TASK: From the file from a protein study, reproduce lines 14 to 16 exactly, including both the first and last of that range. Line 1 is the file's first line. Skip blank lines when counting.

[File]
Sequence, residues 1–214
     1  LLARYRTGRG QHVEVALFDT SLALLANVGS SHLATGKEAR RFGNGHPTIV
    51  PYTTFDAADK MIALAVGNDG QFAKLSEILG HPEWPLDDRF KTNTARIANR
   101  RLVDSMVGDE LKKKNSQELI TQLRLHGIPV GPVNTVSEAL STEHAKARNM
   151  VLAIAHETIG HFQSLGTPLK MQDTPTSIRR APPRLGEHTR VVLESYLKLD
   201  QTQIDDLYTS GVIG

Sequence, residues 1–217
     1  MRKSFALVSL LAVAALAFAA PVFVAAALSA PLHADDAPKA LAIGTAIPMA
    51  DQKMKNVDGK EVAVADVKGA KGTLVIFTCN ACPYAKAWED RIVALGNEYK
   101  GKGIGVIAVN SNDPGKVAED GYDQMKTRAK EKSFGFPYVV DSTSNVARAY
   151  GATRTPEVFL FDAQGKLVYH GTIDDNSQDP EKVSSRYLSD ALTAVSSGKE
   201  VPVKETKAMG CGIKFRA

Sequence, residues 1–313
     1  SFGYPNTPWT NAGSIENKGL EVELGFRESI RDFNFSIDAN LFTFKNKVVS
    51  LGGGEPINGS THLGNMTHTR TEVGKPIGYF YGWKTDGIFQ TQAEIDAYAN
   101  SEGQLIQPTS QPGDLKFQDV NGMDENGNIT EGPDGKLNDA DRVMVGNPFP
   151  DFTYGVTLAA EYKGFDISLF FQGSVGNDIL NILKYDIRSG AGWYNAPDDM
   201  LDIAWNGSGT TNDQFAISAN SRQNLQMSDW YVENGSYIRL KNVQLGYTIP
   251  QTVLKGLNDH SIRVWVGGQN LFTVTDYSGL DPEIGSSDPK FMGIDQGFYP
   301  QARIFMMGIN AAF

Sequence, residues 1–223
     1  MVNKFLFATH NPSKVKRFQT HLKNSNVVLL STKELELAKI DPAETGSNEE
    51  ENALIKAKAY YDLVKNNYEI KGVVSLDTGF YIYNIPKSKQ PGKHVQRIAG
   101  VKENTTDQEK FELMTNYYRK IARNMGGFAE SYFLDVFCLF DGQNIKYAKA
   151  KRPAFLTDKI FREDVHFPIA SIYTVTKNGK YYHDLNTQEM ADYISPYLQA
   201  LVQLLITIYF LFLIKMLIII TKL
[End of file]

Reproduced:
     1  SFGYPNTPWT NAGSIENKGL EVELGFRESI RDFNFSIDAN LFTFKNKVVS
    51  LGGGEPINGS THLGNMTHTR TEVGKPIGYF YGWKTDGIFQ TQAEIDAYAN
   101  SEGQLIQPTS QPGDLKFQDV NGMDENGNIT EGPDGKLNDA DRVMVGNPFP